The Wall Street Journal Sits Down With Our President & Founder, Dr. Leonard Glass

In this piece, The Wall Street Journal interviews our President & Founder, Dr. Leonard Glass, about the Physician Retraining & Reentry program and his efforts to positively impact the growing physician shortage.

Wall Street Journal: “A Retired Surgeon Takes on a New Medical Mission”

Former surgeon forms an organization that retrains retired specialists to be generalists

The U.S. is facing a looming doctor shortage. With a surge of baby boomers enrolling in Medicare and millions of newly insured citizens seeking physicians under the Affordable Care Act, there simply aren’t enough general practitioners to go around. The Association of American Medical Colleges estimates the U.S. will be short by as many as 31,000 primary-care doctors by 2025.

Leonard Glass, a retired surgeon, had an idea about who could help fill these much-needed shoes: older medical specialists. For example, many surgeons retire due to diminishing eyesight or fine-motor problems, while obstetricians often burn out in their 60s after decades of Sleepless Nights. Yet these doctors are still capable of providing general medical care. Dr. Glass himself retired from practicing surgery in 2005 when a neck injury began limiting his dexterity.

“I kept reading about this impending doctor shortage, and I looked around at many of my retired colleagues and thought, why not get some of these doctors back to work?” says Dr. Glass, now 80.

So in 2013, he Launched Physician Retraining & Reentry, or PRR, to help retrain medical specialists in adult outpatient primary care. He funded the startup with his own savings and investments from friends and family, and didn’t primarily set out to make a Profit. “I just had to do something to ensure my kids and grandkids would have access to good medical care,” Dr. Glass says. “It became my obsession to help fix the doctor shortage.”

PRR is essentially an online training program, helping medical specialists get up to speed on the latest primary-care techniques. Specialists are already licensed in general medicine, but most haven’t practiced it since their residencies, so they want a “refresher course,” says Dr. Glass.

The self-paced program includes interactive tests and live role-playing, with actors posing as patients. It takes four months to a year to complete. “We teach everything from the latest diagnostic techniques to medical record-keeping,” says Dr. Glass, who works about 30 hours a week at PRR.

Doctors who complete the program receive 180 hours of continuing-education credit and help finding jobs. PRR has only four full-time paid employees (Dr. Glass and his brother-in-law, who Serves as CFO, don’t receive salaries), and one works solely on job placement.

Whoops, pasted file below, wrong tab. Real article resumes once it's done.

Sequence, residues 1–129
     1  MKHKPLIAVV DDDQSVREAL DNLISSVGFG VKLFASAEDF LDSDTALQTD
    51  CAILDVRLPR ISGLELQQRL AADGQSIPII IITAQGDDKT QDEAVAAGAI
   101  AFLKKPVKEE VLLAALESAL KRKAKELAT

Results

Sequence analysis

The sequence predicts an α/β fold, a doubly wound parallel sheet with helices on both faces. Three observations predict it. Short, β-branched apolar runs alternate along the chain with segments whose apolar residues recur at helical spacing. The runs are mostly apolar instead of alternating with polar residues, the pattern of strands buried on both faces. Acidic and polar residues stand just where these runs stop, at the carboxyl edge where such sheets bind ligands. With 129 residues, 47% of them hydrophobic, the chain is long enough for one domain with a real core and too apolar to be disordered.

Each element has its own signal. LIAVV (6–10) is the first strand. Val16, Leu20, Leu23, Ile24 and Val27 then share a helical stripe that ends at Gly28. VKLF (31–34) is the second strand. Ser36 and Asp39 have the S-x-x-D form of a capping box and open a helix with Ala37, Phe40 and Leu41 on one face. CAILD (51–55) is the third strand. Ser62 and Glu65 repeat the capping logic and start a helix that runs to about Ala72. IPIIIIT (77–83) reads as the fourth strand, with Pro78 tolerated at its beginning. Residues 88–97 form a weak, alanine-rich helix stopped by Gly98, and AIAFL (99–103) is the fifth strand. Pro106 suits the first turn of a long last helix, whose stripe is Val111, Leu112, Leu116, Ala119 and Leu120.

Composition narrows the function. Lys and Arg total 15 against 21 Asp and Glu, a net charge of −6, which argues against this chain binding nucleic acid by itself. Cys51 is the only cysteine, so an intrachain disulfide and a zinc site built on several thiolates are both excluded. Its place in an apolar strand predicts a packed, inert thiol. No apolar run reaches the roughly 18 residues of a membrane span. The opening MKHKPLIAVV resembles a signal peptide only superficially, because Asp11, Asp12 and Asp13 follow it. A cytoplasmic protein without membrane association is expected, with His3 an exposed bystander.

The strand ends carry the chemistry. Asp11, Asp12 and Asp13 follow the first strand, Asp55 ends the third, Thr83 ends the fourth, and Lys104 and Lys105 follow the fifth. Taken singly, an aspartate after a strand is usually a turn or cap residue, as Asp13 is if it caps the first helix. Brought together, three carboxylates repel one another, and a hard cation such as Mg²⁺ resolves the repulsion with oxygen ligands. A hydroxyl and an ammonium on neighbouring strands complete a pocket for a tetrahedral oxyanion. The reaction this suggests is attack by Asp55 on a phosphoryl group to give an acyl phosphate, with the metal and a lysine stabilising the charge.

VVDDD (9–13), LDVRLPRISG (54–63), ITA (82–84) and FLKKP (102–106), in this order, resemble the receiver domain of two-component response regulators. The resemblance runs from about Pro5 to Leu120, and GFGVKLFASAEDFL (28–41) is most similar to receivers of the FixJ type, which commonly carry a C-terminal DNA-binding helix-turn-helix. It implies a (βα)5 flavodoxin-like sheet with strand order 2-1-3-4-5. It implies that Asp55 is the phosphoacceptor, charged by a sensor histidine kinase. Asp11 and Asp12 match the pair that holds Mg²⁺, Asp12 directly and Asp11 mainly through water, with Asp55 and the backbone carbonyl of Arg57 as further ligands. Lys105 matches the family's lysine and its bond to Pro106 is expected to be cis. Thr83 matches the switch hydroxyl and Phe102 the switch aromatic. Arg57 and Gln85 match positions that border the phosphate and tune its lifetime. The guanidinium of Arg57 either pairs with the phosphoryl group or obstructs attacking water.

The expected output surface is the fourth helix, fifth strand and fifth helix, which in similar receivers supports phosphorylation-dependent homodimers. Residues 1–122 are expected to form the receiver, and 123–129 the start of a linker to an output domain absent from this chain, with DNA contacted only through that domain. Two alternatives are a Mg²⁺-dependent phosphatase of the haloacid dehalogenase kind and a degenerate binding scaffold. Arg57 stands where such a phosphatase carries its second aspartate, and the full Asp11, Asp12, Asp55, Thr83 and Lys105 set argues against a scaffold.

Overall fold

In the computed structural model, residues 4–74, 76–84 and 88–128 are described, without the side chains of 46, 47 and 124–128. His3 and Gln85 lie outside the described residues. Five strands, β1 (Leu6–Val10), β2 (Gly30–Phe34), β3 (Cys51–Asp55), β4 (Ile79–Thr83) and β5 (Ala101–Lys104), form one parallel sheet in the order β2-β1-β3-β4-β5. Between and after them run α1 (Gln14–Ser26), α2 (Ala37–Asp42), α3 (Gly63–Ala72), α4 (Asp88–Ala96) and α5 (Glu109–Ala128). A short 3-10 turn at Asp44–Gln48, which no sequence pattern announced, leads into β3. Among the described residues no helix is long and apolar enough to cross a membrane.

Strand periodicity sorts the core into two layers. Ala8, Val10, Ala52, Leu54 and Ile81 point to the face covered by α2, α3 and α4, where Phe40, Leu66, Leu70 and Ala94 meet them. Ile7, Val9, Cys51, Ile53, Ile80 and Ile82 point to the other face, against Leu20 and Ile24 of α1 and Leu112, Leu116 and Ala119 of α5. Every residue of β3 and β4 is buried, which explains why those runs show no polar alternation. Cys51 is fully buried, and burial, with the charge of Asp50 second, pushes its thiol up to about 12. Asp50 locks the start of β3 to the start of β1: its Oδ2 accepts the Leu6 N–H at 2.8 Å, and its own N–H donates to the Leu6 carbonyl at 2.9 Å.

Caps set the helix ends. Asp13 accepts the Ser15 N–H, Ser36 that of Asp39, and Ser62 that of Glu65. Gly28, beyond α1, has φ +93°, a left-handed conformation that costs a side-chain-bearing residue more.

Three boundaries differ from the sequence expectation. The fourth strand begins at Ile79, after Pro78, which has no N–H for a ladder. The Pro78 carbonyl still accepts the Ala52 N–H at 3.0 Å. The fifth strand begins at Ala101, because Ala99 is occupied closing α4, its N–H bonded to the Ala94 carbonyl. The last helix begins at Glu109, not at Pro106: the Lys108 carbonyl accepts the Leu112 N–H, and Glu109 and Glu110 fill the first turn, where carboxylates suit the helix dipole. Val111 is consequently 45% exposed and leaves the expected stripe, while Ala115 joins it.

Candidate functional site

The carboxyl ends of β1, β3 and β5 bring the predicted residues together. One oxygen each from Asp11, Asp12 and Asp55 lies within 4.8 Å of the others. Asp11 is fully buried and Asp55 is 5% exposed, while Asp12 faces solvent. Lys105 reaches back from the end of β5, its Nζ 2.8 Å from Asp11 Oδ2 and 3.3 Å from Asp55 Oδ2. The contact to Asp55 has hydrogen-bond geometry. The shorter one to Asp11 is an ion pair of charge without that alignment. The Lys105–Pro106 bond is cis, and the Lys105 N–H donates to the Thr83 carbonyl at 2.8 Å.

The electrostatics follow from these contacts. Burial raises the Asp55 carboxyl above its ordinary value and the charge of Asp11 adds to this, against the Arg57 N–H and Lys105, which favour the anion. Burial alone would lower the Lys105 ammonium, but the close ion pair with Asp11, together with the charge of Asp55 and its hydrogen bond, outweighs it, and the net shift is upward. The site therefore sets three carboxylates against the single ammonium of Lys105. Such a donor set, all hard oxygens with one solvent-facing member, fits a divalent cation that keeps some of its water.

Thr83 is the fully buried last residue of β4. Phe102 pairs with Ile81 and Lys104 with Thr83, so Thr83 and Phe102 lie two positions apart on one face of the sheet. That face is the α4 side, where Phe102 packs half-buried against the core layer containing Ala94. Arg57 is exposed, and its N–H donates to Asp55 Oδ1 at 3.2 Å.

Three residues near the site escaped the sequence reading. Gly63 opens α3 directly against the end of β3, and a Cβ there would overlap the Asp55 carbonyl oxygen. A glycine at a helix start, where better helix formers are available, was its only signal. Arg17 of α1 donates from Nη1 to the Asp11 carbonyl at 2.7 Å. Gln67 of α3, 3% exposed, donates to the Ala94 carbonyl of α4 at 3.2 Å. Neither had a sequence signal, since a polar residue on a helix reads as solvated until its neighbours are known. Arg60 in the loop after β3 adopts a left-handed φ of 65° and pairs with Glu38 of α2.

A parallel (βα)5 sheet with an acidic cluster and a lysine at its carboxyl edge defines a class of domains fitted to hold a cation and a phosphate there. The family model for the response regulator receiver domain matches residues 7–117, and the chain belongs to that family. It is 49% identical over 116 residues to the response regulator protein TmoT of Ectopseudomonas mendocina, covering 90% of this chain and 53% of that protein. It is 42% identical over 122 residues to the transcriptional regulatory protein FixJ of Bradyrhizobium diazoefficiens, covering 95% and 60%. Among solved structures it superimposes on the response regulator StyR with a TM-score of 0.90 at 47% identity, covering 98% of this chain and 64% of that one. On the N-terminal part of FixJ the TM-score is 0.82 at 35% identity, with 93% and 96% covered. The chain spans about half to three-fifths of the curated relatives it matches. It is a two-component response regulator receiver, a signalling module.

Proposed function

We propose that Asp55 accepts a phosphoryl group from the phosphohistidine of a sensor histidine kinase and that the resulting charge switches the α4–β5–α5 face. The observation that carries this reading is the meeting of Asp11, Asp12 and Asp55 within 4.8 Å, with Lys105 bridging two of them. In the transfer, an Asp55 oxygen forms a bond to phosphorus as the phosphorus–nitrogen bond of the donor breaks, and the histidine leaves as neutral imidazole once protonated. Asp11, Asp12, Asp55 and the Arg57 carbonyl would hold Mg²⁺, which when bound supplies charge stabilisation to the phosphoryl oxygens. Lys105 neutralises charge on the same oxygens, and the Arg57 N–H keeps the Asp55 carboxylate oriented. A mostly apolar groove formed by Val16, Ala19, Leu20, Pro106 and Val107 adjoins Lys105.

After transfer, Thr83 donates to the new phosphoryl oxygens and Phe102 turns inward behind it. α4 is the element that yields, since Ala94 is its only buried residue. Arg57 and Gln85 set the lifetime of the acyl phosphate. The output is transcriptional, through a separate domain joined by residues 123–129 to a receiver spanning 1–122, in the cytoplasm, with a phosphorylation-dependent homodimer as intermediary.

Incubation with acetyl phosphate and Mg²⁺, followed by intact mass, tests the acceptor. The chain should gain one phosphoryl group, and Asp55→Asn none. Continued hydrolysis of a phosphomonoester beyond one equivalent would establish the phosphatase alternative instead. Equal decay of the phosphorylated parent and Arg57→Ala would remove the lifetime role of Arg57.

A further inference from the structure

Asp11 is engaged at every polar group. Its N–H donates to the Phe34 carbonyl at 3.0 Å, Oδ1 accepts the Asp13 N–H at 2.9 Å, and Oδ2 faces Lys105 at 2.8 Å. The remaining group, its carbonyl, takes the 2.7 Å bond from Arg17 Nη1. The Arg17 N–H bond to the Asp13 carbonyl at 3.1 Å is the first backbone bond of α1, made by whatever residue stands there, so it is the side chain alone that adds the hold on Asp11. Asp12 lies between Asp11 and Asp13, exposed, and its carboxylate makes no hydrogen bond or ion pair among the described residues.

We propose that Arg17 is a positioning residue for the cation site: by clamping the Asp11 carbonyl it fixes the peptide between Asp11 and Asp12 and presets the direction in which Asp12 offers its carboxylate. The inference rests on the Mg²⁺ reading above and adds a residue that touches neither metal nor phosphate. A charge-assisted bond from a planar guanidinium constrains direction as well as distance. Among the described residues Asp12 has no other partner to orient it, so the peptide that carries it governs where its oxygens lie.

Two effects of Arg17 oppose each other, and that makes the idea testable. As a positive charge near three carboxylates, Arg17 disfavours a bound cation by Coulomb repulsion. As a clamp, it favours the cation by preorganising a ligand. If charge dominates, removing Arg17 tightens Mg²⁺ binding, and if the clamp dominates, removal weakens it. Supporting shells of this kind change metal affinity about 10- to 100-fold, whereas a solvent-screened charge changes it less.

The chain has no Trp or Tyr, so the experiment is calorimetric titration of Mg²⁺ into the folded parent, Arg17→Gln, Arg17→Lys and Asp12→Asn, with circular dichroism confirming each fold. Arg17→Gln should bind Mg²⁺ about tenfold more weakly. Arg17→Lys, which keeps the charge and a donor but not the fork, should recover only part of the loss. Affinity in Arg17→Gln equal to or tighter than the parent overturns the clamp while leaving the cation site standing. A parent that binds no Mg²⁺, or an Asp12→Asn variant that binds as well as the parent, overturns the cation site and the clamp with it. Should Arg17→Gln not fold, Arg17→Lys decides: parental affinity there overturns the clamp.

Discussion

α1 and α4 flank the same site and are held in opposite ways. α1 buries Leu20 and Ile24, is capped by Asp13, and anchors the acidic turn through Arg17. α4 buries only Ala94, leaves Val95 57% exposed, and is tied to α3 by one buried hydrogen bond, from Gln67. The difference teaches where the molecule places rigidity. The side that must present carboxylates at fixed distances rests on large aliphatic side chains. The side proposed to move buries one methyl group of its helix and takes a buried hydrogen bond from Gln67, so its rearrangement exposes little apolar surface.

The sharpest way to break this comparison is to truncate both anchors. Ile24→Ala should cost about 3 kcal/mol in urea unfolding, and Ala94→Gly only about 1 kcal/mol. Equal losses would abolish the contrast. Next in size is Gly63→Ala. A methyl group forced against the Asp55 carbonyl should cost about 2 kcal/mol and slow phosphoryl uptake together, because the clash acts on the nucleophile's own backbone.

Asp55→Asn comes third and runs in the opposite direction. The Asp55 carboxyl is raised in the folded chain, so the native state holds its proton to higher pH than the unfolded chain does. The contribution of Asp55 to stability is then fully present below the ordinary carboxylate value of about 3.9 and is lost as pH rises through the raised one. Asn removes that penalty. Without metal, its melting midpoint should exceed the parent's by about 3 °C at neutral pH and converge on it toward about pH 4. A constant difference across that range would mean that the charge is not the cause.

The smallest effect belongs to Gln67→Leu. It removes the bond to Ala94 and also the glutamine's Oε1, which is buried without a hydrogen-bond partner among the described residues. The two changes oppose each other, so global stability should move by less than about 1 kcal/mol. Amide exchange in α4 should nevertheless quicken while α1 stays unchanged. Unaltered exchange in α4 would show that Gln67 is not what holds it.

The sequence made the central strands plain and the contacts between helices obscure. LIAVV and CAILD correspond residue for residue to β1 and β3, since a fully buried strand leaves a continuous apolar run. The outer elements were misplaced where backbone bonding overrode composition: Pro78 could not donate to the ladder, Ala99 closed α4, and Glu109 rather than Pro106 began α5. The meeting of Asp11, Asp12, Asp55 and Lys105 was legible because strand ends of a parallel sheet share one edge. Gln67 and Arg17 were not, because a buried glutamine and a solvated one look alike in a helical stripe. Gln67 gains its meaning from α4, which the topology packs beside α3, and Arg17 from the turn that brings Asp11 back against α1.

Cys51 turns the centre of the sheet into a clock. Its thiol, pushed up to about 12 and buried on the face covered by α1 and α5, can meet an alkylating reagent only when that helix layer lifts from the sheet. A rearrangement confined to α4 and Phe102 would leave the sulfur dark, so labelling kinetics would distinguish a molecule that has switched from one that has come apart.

“Many doctors want to work part time, and some want to give back by working at public clinics, while others want full-time posts,” says Dr. Glass. Only 30 doctors out of the 130 who have entered the PRR program have completed it so Far, but Dr. Glass is hopeful hundreds more will. “We built the technology platform so up to 3,000 doctors could take it per year,” says Dr. Glass. If doctors can’t afford the $9,750 course fee, PRR offers no-interest financing.

“Being a primary-care doctor is medicine at its finest, but many doctors lose sight of that purpose after practicing a specialty for decades,” Dr. Glass says. “We help doctors get back to the root of why they went to medical school in the first place: to take care of people.”

Chicago Tribune addresses how the physician shortage will impact healthcare

In this story, written by Chicago Tribune’s Sheryl Kraft, the reporter takes a deep look at the many ways the country’s healthcare system will be impacted by the physician shortage.

Chicago Tribune: “How health care will look with a physician shortage”

The Association of American Medical Colleges projects that the nation will face a shortage of 12,000 to 31,000 primary-care physicians by 2025. So it’s no wonder you may be finding it harder to find a doctor or to schedule an appointment with the one you have.

What’s fueling this problem? The baby Boom generation pouring into older age, an aging physician workforce preparing to retire and an estimated 30 million Americans joining the ranks of the insured since enactment of the Affordable Care Act in 2010.

What that means is that you may not be seeing a doctor at all the next time you go for health care.

“The impending physician shortage is an Opportunity to move to a health care model where the physician can be more of a quarterback on a team of health care providers, rather than being on the front lines,” said Dr. David Gorstein, managing director of Health Innovations, a health care consulting firm in Charleston, S.C., focusing on new models of health care. It’s time to look to other, more affordable and accessible settings, he said.

Retail clinics